Friday, September 19, 2008

The World of Tomorrow

Few things age more poorly than visions of the future.

Continuing my 1930s obsession of late, here is the official film of the General Motors Futurama exhibit from the 1939 World's Fair in New York.

Part 1

Part 2

I began my survey of modern art in Germany from 1892 to 1937 (from Kaiser Bill to Schickelgruber) with the idea that what made modernity modern was a faith in the future, a sense of expectation of a better tomorrow. I said that this is what separates us from modernism.  They believed in "The Future," we don't.  "Welcome to the World of Tomorrow" for us is a bit of ironic fun. For the generations before WWII in Europe (and before Vietnam here) that phrase was a declaration of faith.

I don't know what to think of that transformation.  Are we wiser, or poorer?

I love this film because it is so very quaint (though some of its ideas, especially about parklands and green spaces, are actually very farsighted for the time). It's fun to see what came true and what didn't, and to see all the shameless corporate promotion of automobile technology throughout.  Trains and train travel are conspicuously absent in this film.  

My father loved this film for different reasons.  He saw it with eyes shaped by a childhood that witnessed the Great Depression.  For people living in that dreary time, this must have appeared magical and very encouraging.


Anonymous said...

"I don't know what to think of that transformation. Are we wiser, or poorer?"

We are wiser, and we are getting poorer (most of us, anyway). The Atlantic Monthly had an engaging article on the idea of "progress" a couple of years ago. I can't cite it. But I grew up on that expectation and will likely never outgrow it. My sense is that "this" generation is fully in touch with the absurdity of the idea of "eternal progress". I'm grateful for that, and I look forward to learning more from them about that.

I note that you have deleted any reference to your profile, so I will respect that and just say how grateful I am that you are willing to give us a glimpse into your classroom. Thank you so very much!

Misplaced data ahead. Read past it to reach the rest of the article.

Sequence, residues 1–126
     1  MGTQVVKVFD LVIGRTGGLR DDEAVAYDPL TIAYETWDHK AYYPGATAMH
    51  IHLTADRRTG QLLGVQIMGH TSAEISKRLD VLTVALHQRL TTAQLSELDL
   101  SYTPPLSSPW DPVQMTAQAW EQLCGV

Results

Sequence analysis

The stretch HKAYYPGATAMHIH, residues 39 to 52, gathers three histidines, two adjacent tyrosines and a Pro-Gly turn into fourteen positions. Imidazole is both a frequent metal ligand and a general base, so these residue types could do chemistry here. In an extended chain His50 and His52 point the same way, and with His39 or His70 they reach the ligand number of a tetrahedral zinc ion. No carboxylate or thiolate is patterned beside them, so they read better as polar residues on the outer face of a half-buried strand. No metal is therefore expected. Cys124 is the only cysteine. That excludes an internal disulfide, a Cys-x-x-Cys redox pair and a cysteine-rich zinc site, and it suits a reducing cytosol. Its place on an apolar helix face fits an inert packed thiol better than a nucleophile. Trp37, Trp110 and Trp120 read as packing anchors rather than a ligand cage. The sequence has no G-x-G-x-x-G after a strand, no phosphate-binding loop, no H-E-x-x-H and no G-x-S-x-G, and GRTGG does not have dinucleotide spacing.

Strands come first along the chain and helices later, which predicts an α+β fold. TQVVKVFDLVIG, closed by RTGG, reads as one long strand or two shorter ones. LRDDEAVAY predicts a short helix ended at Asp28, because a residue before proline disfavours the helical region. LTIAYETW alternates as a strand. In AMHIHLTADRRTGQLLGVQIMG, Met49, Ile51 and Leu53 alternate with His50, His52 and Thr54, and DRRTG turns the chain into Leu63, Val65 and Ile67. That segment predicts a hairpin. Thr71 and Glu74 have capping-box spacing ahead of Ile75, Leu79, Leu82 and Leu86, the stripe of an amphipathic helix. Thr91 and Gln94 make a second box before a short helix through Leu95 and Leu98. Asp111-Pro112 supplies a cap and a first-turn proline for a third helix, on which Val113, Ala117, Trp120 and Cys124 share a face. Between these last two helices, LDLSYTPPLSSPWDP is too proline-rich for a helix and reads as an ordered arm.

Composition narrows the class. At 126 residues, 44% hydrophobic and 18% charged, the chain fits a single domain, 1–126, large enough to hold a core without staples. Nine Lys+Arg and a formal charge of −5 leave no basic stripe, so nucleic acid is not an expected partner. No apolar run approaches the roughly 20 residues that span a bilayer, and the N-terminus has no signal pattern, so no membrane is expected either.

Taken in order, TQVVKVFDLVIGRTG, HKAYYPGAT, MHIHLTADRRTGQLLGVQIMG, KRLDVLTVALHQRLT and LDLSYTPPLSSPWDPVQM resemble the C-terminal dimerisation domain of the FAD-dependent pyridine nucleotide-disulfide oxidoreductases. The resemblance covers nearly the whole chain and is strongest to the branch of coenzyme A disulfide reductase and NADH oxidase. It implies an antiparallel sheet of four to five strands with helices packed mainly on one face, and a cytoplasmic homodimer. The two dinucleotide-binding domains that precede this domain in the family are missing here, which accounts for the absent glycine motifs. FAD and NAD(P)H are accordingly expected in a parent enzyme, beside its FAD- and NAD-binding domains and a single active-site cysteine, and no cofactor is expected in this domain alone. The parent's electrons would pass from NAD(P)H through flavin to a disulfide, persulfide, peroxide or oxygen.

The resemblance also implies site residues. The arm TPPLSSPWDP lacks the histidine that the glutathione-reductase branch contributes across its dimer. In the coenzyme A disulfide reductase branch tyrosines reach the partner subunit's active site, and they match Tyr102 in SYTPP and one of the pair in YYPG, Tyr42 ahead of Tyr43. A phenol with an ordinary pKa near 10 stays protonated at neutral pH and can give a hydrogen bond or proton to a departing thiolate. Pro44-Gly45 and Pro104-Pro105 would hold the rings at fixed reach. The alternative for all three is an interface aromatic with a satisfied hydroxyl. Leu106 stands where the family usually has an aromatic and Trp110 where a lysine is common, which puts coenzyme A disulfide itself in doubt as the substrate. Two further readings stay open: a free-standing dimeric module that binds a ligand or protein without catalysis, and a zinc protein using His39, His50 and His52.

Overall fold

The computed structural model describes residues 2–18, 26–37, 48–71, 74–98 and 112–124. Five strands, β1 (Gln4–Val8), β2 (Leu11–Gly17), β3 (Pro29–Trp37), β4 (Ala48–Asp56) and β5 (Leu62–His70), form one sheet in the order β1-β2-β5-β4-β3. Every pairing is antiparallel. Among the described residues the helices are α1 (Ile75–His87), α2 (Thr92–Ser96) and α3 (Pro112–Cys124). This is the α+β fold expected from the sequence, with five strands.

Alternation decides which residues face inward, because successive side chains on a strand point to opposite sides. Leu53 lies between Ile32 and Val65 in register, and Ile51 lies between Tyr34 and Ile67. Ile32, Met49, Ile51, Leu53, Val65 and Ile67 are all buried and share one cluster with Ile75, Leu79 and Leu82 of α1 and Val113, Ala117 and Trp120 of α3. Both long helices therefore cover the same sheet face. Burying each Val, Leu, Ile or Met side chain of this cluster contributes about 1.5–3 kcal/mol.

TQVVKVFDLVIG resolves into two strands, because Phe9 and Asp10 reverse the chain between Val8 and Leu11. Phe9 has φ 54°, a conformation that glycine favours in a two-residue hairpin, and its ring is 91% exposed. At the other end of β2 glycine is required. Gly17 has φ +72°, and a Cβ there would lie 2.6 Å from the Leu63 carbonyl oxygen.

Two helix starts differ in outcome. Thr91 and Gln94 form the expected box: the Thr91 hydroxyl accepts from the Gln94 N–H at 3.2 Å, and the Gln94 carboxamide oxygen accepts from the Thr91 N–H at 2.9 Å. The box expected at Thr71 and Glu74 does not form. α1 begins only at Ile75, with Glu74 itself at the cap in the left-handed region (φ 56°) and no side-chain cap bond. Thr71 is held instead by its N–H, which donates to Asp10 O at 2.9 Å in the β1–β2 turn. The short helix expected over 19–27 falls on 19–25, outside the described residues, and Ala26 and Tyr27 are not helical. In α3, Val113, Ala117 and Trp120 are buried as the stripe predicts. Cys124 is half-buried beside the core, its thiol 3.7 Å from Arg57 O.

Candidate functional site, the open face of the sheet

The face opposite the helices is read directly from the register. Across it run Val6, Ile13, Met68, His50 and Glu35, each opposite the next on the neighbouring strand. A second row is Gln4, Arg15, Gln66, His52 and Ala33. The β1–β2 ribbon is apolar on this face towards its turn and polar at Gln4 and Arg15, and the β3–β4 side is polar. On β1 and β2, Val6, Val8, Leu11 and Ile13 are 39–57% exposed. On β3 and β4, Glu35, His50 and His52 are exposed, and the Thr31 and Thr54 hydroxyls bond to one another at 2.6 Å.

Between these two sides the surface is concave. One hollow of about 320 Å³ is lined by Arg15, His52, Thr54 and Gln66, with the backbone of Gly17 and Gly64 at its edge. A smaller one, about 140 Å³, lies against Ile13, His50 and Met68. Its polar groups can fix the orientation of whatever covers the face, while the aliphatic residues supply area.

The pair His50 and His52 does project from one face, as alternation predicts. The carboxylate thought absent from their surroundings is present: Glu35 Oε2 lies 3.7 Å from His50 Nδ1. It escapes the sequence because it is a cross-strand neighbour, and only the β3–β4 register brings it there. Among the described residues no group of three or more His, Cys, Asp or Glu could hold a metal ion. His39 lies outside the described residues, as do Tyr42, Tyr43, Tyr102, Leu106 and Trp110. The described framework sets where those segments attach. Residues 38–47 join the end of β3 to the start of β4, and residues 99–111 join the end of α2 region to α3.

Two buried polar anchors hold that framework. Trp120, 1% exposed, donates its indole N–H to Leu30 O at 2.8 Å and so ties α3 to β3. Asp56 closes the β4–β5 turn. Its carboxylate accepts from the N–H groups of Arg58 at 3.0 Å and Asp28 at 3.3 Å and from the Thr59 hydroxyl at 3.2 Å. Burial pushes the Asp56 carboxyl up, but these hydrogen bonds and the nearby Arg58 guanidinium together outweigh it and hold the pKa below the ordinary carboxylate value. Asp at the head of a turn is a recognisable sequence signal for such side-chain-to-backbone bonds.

When I visited Nashua, Iowa recently, there was a map of the rail lines in the midwest not all that long ago. Innumerable they were. I was amazed. They are mostly gone now, except for a few shipping lines.

Counterlight said...

I deleted the profile to keep my students out. I keep a separate blogsite for my students to get class information and study guides, and I rather they didn't wander into this blog.

It's a matter of keeping the job and the home life separate. When they show up in my email, I'm back at work.

Anonymous said...

Got it. Thanks. I was wondering what had happened, and that's the explanation. Having just returned home, and having parishioners who have leaked onto my blog, I admire your foresight.

The Religious Pícaro said...

"Trains and train travel are conspicuously absent in this film."

Well, they're not shown (at least, not that I can see) but there is a brief mention of rail travel in the description of the airport.

June Butler said...

The films made me sad. They were quite naive back then with their ideas of progress. Alas! The prediction of the giant motorways has come true.

Are we wiser? I don't know. More cynical, definitely. As far as progress goes, we're not even holding the line. We're going backwards.

The Religious Pícaro said...

Believers in progress were always getting it wrong. One of my favorite books as a child was _You Will Live Under the Sea_. I remember looking very much forward to the days of domed underwater homes and seafloor settlements.

Thank God the dystopians seem to get it wrong, too. Mostly, and so far.